Lung cancer from cigarette smoking may have been overcome by an attractive Johannesburg housewife, Mrs Mildred Laurence, who has adapted a party trick to lower the burning temperatures of cigarettes.
SV. Tobacco leaf being taken from bale.
SV. Leaf on conveyor belt.
LV. Leaf being sorted.
LV. Leaf falling off conveyor belt after blending.
SV. Girl stripping stems off leaf.
SV. Machine Pan to man looking at tobacco in classifier machine.
CU. Tobacco in machine.
SV. Man looking at tobacco.
LV. Man feeding cigarette making machine.
CU. Showing filter attachment machine.
SV. Lines of finished cigarettes, coming off machine.
SV. Women feeding packing machine.
CU. Packing machine, chosing cigarettes being put into position for packing.
SV. Box of cigarettes being emptied on table.
CU. 3 cigarettes with filter.
SV. Tests being carried out in labs.
Side V. Men making tests with cigarettes.
LV. House of Mr. & Mrs Laurence, Mrs. Laurence with son on steps.
CV. Mrs. Laurence with son.
SV. Mr. Laurence greeting wife.
LV. Mr. & Mrs. Laurence, seated at table with rudimentary instruments, they have been using to fill cigarettes with metals.
SV. Mr. & Mrs. Laurence seen running tobacco from cigarettes, and replacing it with their mixture from 2 items.
SV. Finishing making cigarettes.
CU. Mr. & Mrs. Laurence smoking their own product.
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Background: Lung cancer from cigarette smoking may have been overcome by an attractive Johannesburg housewife, Mrs Mildred Laurence, who has adapted a party trick to lower the burning temperatures of cigarettes.
Mrs Laurence read last year that Dr. Ernest Wynder, who is in charge of the official investigation into lung cancer in the United States, had said that the main cause of lung cancer was the high burning temperature of cigarettes. This was 680 degrees. At this heat tars containing carcinogenic hydrocarbons were released. None of these cancer-causing substances is produced when tobacco burns at 780 degrees.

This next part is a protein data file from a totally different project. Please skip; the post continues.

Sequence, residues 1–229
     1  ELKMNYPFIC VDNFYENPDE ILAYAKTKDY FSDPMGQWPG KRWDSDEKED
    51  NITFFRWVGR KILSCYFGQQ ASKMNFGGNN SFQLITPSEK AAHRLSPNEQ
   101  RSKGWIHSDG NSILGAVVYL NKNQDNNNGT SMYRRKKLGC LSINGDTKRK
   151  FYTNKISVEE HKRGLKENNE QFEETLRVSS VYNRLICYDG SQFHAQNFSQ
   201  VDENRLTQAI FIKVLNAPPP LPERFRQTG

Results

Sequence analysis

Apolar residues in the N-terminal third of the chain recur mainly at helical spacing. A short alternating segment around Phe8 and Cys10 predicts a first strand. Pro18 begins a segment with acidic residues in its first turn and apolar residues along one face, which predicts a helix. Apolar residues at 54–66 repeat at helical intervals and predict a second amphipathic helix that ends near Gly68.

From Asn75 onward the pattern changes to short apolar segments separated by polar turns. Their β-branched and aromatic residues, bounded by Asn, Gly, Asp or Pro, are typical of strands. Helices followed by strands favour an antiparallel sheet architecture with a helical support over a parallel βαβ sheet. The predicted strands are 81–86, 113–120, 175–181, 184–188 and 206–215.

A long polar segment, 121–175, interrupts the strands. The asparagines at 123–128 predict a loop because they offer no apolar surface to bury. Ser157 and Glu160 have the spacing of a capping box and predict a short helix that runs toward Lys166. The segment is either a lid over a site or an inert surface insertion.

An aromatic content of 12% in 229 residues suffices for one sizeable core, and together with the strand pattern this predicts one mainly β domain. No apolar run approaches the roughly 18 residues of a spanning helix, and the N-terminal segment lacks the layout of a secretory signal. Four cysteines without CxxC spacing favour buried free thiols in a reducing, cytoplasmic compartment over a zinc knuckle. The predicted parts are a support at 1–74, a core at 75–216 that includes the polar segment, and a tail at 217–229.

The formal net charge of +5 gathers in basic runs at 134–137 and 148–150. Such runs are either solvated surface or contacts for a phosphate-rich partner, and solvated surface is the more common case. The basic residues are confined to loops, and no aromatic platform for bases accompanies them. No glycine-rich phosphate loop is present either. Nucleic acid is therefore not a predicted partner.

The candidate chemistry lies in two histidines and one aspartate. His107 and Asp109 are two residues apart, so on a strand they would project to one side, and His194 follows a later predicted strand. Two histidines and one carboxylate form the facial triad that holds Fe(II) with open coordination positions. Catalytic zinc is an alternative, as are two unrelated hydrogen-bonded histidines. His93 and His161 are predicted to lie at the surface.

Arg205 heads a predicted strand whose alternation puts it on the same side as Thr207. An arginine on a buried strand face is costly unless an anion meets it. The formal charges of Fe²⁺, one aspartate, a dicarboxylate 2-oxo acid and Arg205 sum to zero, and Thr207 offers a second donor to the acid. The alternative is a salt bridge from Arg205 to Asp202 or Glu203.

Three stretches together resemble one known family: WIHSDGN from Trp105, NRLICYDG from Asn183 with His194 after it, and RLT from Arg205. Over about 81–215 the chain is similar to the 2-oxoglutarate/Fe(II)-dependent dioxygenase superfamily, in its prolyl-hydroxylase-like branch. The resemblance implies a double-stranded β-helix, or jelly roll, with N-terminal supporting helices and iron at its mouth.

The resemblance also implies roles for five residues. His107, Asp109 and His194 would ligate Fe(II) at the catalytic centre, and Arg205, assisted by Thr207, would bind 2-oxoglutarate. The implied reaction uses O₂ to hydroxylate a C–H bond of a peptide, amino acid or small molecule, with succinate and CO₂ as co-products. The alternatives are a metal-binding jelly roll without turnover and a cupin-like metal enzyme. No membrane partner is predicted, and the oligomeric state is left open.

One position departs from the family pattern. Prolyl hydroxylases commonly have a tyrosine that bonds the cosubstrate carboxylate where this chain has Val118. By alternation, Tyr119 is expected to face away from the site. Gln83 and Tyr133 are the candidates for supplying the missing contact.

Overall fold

Vast sums are being spent in America on finding a method to reduce cigarette temperatures; and Dr. Wynder has written Mrs Laurence a number of enthusiastic letters saying he thinks she may have found the answer.
Mrs Laurence - herself a non-smoker - remembered a party-trick with a cigarette, a handkerchief and a two shilling piece. She demonstrated by placing a floring underneath the handkerchief, and then placing a lighted cigarette on the part covering the coin. She let it remain there for about eight seconds and on removing the cigarette, there was not even a brown stain on the handkerchief. The coin was almost too hot to hold. In other words, the coin had grown all the heat away from the handkerchief.
Mrs Laurence went to work with powdered aluminium, copper, or various metal foils. And also with a cigarette paper metalised on the inside.
Mrs Laurence expects some difficulty in getting these cigarette papers made, because officially the tobacco industry does not accept that there is a relation between smoking and lung cancer. But the United Tobacco Company has been co-operating in secret with Mrs Laurence, although they do not admit themselves the dangers of cigarette smoking.